- Original Pdf: pdf
- Keywords: Electronic Nose, EVA, modular, olfaction, sensitivity, selectivity, analyte, temperature oscillated waveforms, features, fingerprint
- TL;DR: On this paper we will discuss the process of sniffing volatile organic compounds from liquid beer samples and exploring various machine learning models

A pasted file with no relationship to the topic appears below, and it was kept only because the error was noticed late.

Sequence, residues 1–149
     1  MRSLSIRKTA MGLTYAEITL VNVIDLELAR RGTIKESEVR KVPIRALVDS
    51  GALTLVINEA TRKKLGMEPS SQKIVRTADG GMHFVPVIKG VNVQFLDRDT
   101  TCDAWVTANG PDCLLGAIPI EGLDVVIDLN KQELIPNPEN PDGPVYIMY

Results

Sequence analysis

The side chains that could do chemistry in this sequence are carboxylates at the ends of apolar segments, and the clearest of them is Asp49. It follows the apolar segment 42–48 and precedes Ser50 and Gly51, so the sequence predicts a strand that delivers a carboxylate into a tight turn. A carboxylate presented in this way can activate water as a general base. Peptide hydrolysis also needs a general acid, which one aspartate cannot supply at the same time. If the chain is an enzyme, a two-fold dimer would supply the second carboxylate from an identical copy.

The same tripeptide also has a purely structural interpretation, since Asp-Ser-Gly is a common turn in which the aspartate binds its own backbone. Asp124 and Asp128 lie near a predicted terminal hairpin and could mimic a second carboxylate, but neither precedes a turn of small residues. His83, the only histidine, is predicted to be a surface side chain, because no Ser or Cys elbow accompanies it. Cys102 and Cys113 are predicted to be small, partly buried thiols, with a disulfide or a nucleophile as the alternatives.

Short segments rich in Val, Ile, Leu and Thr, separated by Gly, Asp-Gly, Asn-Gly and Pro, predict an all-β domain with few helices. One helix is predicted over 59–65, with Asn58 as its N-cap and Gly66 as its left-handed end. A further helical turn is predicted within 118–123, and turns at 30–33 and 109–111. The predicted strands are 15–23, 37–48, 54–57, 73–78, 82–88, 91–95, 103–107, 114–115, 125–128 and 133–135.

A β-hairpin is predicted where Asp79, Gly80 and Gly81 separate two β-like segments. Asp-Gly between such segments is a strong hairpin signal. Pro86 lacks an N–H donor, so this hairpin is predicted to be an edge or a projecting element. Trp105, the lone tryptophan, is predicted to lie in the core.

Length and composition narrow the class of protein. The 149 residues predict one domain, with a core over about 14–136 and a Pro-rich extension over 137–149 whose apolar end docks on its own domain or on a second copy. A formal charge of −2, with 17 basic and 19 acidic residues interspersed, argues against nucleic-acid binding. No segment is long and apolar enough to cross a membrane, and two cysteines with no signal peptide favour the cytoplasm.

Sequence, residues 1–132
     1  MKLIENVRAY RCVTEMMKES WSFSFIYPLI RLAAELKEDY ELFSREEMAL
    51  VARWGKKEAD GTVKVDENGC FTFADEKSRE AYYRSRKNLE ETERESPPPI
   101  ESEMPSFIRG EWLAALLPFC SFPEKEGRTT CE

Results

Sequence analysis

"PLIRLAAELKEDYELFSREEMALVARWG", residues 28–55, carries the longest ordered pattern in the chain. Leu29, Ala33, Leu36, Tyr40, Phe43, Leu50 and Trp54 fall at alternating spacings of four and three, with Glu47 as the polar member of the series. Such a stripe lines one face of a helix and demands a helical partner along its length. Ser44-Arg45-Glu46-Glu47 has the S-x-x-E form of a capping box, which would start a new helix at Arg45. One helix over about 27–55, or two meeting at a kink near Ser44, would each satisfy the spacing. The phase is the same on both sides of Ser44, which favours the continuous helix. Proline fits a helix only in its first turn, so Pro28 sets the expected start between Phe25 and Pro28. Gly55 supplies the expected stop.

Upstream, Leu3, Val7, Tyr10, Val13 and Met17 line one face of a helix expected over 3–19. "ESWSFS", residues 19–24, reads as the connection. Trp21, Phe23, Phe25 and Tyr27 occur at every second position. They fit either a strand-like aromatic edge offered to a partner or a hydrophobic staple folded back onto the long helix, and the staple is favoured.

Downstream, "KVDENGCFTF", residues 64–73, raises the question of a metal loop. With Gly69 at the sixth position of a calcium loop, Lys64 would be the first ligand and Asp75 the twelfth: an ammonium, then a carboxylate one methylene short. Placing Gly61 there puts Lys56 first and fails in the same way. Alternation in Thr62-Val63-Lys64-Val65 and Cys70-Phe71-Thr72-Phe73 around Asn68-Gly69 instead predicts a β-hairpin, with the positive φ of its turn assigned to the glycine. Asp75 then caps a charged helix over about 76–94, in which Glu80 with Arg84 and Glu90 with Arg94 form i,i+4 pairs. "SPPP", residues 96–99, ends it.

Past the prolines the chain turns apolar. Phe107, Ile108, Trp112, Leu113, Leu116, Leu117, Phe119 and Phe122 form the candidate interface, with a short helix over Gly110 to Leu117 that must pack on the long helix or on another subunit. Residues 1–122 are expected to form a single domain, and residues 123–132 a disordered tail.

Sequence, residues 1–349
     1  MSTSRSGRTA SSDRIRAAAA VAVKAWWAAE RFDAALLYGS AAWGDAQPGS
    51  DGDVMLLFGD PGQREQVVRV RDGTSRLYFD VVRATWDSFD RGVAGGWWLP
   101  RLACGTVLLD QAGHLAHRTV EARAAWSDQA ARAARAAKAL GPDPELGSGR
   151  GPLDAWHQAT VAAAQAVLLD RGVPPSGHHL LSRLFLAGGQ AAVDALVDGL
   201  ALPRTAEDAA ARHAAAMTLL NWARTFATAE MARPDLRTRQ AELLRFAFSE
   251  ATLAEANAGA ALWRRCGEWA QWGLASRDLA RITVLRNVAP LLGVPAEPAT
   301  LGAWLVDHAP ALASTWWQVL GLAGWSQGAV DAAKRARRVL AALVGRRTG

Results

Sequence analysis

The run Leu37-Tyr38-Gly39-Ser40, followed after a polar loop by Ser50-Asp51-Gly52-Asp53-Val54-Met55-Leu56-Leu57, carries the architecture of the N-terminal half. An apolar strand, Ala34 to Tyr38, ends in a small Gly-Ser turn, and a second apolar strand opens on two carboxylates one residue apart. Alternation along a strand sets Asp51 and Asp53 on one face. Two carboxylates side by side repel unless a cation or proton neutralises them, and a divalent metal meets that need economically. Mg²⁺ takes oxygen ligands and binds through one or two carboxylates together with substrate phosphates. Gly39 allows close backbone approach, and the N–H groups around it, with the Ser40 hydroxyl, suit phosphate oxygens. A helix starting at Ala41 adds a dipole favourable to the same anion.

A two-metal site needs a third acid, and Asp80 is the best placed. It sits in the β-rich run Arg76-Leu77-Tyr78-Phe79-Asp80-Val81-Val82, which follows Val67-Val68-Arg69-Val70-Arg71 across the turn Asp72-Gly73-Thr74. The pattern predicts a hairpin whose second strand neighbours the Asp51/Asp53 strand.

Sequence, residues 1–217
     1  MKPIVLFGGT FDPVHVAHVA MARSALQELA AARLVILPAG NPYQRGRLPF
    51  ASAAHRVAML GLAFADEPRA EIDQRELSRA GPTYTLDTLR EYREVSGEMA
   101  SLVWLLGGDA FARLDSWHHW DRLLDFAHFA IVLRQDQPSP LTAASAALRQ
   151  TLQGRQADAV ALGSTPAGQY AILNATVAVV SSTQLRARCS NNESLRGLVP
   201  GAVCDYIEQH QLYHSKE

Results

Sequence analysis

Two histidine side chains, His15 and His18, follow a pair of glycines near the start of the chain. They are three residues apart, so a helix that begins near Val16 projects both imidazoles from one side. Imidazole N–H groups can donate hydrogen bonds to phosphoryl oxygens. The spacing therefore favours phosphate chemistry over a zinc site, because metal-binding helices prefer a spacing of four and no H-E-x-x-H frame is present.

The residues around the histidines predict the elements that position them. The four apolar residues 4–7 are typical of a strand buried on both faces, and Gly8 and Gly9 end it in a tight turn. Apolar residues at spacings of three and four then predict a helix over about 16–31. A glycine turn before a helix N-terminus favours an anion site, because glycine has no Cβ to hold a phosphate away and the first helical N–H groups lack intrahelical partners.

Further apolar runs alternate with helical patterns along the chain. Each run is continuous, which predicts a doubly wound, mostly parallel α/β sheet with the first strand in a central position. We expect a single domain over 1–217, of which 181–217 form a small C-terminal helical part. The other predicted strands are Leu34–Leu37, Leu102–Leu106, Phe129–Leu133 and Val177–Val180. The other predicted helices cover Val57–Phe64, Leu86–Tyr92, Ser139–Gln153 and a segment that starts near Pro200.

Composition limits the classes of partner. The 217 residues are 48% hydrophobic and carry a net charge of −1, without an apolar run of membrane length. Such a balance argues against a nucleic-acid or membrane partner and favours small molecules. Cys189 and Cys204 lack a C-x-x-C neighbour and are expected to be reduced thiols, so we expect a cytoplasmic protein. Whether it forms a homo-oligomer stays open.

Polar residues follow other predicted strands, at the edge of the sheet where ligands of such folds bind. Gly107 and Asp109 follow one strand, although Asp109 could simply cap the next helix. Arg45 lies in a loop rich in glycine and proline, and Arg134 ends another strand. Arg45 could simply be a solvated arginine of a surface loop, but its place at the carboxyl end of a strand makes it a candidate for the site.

- Abstract: Olfaction has been and still is an area which is challenging to the research community. Like other senses of the body, there has been a push to replicate the sense of smell to aid in identifying odorous compounds in the form of an electronic nose. At IBM, our team (Cogniscent) has designed a modular sensor board platform based on the artificial olfaction concept we called EVA (Electronic Volatile Analyzer). EVA is an IoT electronic nose device that aims to reproduce olfaction in living begins by integrating an array of partially specific and uniquely selective smell recognition sensors which are directly exposed to the target chemical analyte or the environment. We are exploring a new technique called temperature-controlled oscillation, which gives us virtual array of sensors to represent our signals/ fingerprint. In our study, we run experiments on identifying different types of beers using EVA. In order to successfully carry this classification task, the entire process starting from preparation of samples, having a consistent protocol of data collection in place all the way to providing the data to be analyzed and input to a machine learning model is very important. On this paper, we will discuss the process of sniffing volatile organic compounds from liquid beer samples and successfully classifying different brands of beers as a pilot test. We researched on different machine learning models in order to get the best classification accuracy for our Beer samples. The best classification accuracy is achieved by using a multi-level perceptron (MLP) artificial neural network (ANN) model, classification of three different brands of beers after splitting one-week data to a training and testing set yielded an accuracy of 97.334. While using separate weeks of data for training and testing set the model yielded an accuracy of 67.812, this is because of drift playing a role in the overall classification process. Using Random forest, the classification accuracy achieved by the model is 0.923. And Decision Tree achieved 0.911.